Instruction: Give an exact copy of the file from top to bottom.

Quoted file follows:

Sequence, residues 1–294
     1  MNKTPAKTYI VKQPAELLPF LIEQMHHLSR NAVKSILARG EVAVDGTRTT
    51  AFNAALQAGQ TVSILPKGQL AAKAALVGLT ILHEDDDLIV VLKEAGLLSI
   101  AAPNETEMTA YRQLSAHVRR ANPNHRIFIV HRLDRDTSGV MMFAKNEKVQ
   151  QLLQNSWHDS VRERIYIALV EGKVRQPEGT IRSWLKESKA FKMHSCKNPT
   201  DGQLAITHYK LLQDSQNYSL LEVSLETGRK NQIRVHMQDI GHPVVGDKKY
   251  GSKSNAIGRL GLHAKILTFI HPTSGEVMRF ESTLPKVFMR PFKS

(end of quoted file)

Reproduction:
Sequence, residues 1–294
     1  MNKTPAKTYI VKQPAELLPF LIEQMHHLSR NAVKSILARG EVAVDGTRTT
    51  AFNAALQAGQ TVSILPKGQL AAKAALVGLT ILHEDDDLIV VLKEAGLLSI
   101  AAPNETEMTA YRQLSAHVRR ANPNHRIFIV HRLDRDTSGV MMFAKNEKVQ
   151  QLLQNSWHDS VRERIYIALV EGKVRQPEGT IRSWLKESKA FKMHSCKNPT
   201  DGQLAITHYK LLQDSQNYSL LEVSLETGRK NQIRVHMQDI GHPVVGDKKY
   251  GSKSNAIGRL GLHAKILTFI HPTSGEVMRF ESTLPKVFMR PFKS